or the Modern Prometheus
Mary Wollstonecraft (Godwin) Shelley
Letter 1 St. Petersburgh, Dec. 11th, 17— TO Mrs. Saville, England You will rejoice to hear that no disaster has accompanied the commencement of an enterprise which you have regarded with such evil forebodings. I arrived here yesterday, and my first task is to assure my dear sister of my welfare and increasing confidence in the success of my undertaking. I am already far north of London, and as I walk in the streets of Petersburgh, I feel a cold northern breeze play upon my cheeks, which braces my nerves and fills me with delight. Do you understand this feeling? This breeze, which has travelled from the regions towards which I am advancing, gives me a foretaste of those icy climes. Inspirited by this wind of promise, my daydreams become more fervent and vivid. I try in vain to be persuaded that the pole is the seat of frost and desolation; it ever presents itself to my imagination as the region of beauty and delight. There, Margaret, the sun is forever visible, its broad disk just skirting the horizon and diffusing a perpetual splendour. There—for with your leave, my sister, I will put some trust in preceding navigators—there snow and frost are banished; and, sailing over a calm sea, we may be wafted to a land surpassing in wonders and in beauty every region hitherto discovered on the habitable globe. Its productions and features may be without example, as the phenomena of the heavenly bodies undoubtedly are in those undiscovered solitudes. What may not be expected in a country of eternal light? I may there discover the wondrous power which attracts the needle and may regulate a thousand celestial observations that require only this voyage to render their seeming eccentricities consistent forever. I shall satiate my ardent curiosity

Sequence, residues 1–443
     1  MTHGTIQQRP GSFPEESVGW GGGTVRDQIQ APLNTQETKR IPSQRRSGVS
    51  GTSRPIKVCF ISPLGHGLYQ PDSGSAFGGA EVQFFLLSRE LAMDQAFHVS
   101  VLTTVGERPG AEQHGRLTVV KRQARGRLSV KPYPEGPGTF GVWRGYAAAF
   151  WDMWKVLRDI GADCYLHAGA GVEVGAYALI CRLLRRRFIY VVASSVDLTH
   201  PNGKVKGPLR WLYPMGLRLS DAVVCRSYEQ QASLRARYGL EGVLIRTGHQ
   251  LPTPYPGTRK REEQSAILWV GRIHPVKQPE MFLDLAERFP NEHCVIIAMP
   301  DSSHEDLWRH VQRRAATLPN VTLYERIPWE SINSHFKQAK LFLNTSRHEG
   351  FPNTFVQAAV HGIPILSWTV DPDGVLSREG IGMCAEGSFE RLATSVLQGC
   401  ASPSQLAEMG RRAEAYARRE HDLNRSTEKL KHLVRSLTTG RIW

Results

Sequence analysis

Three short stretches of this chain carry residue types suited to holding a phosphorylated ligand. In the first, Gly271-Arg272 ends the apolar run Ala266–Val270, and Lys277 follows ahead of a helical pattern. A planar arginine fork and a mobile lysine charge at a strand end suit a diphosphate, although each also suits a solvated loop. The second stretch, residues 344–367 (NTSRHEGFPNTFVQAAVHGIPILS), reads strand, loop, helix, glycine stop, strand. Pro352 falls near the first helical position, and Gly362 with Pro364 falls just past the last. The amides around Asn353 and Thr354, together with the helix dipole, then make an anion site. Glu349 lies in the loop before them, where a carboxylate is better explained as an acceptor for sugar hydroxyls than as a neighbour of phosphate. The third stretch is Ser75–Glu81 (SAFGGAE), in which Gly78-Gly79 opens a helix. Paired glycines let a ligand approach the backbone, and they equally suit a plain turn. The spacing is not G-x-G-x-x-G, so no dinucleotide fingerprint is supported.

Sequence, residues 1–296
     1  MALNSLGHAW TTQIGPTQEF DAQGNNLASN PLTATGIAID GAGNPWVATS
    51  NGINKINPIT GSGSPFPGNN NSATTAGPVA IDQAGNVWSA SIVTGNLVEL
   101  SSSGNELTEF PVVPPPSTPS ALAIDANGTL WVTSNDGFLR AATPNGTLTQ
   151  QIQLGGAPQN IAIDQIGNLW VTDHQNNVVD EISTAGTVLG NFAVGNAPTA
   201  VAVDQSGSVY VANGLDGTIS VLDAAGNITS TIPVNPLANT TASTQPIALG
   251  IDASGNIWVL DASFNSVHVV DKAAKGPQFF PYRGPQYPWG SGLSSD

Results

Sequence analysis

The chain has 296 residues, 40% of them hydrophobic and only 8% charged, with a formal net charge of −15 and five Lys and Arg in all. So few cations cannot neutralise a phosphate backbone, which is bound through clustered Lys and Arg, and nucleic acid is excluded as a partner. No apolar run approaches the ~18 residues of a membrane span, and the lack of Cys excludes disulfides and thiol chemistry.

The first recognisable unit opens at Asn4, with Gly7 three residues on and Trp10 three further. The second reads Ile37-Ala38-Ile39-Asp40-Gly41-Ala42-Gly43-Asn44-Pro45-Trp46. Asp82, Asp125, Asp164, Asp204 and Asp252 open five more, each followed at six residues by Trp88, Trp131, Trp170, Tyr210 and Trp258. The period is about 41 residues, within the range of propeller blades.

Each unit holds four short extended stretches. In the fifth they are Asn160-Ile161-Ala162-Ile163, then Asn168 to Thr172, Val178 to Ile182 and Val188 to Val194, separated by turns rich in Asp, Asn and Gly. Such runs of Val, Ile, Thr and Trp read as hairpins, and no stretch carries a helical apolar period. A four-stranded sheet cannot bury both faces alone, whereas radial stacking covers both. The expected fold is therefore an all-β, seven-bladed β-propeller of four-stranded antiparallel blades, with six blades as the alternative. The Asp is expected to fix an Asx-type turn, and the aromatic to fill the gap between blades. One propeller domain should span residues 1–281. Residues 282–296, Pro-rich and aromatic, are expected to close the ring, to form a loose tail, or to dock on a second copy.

with the sight of a part of the world never before visited, and may tread a land never before imprinted by the foot of man. These are my enticements, and they are sufficient to conquer all fear of danger or death and to induce me to commence this laborious voyage with the joy a child feels when he embarks in a little boat, with his holiday mates, on an expedition of discovery up his native river. But supposing all these conjectures to be false, you cannot contest the inestimable benefit which I shall confer on all mankind, to the last generation, by discovering a passage near the pole to those countries, to reach which at present so many months are requisite; or by ascertaining the secret of the magnet, which, if at all possible, can only be effected by an undertaking such as mine. These reflections have dispelled the agitation with which I began my letter, and I feel my heart glow with an enthusiasm which elevates me to heaven, for nothing contributes so much to tranquillize the mind as a steady purpose—a point on which the soul may fix its intellectual eye. This expedition has been the favourite dream of my early years. I have read with ardour the accounts of the various voyages which have been made in the prospect of arriving at the North Pacific Ocean through the seas which surround the pole. You may remember that a history of all the voyages made for purposes of discovery composed the whole of our good Uncle Thomas' library. My education was...